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Will Eating Chocolate Before Exercise Fatigue Your Muscles?

by
author image Jill Corleone, RDN, LD
Jill Corleone is a registered dietitian and health coach who has been writing and lecturing on diet and health for more than 15 years. Her work has been featured on the Huffington Post, Diabetes Self-Management and in the book "Noninvasive Mechanical Ventilation," edited by John R. Bach, M.D. Corleone holds a Bachelor of Science in nutrition.
Will Eating Chocolate Before Exercise Fatigue Your Muscles?
Chocolate is not a good pre-exercise energy booster. Photo Credit Martin Poole/Digital Vision/Getty Images

Sugary foods like chocolate aren't your best choice for a snack before a workout. The sugar in the chocolate may give you a little boost, but it might be followed by a dramatic drop in energy. Plus, the excess sugar can really wreak havoc on your digestive system.

Sugar Surge

While the sugar content in chocolate may vary depending on type and manufacturer, most chocolate bars are a concentrated source of sugar. When you consume sugar before you workout, blood sugar levels surge, causing a slight increase in energy levels. The increase in blood sugar, however, also causes your body to release insulin to help bring blood sugar levels back down to normal. This can cause a dramatic drop in blood sugar and energy levels, so you'll feel more fatigued during your workout.

Effects on Hydration

Your digestive tract needs fluid to dilute sugary treats, like chocolate, and your muscles also need water to absorb sugar from your bloodstream. These factors can affect your hydration status. Even a slight dehydration can lead to muscle fatigue and impair performance. You should avoid sugary treats before exercise because the resulting changes in your fluid levels can cause abdominal pain and diarrhea.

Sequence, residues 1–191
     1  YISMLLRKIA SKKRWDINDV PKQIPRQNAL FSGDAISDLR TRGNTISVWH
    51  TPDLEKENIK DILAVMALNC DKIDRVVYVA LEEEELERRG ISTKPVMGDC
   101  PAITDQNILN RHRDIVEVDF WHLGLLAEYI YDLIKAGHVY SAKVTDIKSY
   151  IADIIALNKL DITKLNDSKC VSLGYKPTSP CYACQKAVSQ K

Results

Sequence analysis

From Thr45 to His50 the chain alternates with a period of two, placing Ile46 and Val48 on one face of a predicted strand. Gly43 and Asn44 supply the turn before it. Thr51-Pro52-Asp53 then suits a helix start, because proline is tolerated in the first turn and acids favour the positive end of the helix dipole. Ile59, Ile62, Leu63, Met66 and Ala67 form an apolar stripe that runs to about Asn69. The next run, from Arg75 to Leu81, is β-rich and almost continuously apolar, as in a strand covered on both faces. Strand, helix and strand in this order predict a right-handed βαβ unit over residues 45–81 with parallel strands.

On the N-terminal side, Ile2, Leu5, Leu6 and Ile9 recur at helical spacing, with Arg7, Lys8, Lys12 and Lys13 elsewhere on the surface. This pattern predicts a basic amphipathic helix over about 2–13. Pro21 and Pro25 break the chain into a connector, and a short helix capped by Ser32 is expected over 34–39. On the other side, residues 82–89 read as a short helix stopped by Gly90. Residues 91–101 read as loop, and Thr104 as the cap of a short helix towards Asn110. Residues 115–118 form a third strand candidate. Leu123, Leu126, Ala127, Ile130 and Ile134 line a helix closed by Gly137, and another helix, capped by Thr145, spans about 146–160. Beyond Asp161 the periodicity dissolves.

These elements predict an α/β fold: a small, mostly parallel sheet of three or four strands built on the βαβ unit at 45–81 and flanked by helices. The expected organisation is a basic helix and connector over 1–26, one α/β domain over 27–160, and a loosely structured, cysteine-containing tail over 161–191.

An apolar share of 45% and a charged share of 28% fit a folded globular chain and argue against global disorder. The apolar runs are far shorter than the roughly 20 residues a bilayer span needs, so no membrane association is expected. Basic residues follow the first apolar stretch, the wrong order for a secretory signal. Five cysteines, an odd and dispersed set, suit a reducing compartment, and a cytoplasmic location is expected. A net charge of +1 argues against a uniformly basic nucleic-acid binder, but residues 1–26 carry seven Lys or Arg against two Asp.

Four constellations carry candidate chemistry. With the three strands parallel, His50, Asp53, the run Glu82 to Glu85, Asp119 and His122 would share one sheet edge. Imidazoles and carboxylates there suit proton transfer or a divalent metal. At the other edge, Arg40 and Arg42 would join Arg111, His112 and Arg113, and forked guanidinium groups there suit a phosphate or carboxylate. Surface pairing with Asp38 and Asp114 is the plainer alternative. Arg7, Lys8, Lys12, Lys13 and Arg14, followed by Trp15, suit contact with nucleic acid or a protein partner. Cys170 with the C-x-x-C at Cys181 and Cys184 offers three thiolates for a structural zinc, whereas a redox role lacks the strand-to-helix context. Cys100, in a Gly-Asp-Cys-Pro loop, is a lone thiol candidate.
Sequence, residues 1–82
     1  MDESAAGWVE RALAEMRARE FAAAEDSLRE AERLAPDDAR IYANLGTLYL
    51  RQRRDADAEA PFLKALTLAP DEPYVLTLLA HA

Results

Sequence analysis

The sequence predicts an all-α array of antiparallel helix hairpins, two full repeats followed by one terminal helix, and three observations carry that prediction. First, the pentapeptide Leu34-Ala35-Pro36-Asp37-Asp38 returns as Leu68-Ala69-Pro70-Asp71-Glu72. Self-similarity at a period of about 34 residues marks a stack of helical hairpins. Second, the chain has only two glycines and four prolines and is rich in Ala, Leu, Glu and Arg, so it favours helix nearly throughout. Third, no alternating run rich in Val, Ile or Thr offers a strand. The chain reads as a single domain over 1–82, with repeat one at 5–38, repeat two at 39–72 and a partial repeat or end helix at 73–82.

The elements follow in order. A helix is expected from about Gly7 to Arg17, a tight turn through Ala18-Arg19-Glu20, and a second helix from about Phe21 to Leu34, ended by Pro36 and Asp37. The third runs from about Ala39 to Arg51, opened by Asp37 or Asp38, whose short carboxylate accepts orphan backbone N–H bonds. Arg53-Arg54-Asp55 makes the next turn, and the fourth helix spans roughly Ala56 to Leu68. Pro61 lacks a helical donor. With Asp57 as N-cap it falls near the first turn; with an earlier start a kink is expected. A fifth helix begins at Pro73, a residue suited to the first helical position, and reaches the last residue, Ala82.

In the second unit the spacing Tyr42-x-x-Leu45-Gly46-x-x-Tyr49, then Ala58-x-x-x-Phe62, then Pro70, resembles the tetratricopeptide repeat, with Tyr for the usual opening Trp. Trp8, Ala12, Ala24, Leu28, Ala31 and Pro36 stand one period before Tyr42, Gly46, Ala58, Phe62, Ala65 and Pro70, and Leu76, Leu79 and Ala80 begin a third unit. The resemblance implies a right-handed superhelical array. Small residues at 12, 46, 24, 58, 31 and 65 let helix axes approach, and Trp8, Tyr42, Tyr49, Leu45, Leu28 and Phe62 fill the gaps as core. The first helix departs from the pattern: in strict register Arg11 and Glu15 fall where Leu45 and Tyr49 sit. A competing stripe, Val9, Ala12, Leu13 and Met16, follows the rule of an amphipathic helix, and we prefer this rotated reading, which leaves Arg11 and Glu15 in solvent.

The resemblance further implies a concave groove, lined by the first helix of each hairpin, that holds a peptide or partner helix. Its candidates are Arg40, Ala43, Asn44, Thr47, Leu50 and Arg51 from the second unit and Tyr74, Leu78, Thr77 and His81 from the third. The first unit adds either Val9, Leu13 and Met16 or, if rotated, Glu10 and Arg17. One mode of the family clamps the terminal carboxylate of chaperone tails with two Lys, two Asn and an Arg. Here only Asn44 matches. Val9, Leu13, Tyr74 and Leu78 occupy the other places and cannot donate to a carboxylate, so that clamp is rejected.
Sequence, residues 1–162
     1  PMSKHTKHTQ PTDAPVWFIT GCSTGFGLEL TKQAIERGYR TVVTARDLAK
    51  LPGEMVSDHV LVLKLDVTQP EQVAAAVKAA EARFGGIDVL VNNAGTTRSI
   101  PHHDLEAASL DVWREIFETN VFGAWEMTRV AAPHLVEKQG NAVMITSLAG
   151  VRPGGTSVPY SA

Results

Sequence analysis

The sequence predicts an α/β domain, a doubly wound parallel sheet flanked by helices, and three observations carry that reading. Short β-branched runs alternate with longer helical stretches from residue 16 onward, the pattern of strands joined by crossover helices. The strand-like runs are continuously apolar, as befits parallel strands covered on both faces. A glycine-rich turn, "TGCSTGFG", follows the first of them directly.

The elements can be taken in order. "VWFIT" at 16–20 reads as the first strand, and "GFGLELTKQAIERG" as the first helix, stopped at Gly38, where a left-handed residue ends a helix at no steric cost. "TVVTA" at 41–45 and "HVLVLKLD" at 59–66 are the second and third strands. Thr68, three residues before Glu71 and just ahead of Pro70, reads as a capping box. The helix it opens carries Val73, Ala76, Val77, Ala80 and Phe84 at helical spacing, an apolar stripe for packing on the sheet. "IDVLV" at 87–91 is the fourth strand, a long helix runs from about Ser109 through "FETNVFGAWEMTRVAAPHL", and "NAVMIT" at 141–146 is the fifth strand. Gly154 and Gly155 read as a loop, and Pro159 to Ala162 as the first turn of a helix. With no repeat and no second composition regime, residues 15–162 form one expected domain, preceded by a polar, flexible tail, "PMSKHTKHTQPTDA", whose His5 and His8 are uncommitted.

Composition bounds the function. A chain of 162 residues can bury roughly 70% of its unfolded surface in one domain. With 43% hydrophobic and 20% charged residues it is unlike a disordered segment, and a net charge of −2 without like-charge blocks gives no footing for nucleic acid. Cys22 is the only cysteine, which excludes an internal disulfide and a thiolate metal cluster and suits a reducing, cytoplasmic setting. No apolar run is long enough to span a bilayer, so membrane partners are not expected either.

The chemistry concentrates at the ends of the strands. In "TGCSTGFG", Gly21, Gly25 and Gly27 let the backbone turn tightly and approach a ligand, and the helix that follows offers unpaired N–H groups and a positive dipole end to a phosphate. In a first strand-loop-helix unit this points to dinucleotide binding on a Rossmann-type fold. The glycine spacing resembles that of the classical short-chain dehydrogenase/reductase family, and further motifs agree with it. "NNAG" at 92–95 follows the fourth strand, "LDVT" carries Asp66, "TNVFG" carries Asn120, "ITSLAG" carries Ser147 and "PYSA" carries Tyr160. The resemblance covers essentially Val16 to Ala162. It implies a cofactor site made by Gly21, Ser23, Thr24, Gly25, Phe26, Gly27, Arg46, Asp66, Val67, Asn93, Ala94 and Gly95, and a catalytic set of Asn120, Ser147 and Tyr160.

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What About Caffeine?

For endurance athletes, caffeine can help improve performance and energy levels, according to the American College of Sports Medicine. If you're eating chocolate for the caffeine boost, though, you may be very disappointed in the results. While chocolate is a source of caffeine, most chocolate bars do not contain significant amounts -- about 45 milligrams of caffeine per bar. The college says you need about the amount found in a cup of coffee, about 100 milligrams, to feel the effects.

About Dark Chocolate

A 2012 study published in the European Journal of Nutrition investigated the effects of dark chocolate consumption before exercise on antioxidant status and oxidative stress in a group of cyclists. The researchers found that the chocolate improved antioxidant status and stress response, but it also caused an increase in insulin and blood sugar levels. While dark chocolate may offer protection against cell damage, it may not do much to improve energy or prevent muscle fatigue.

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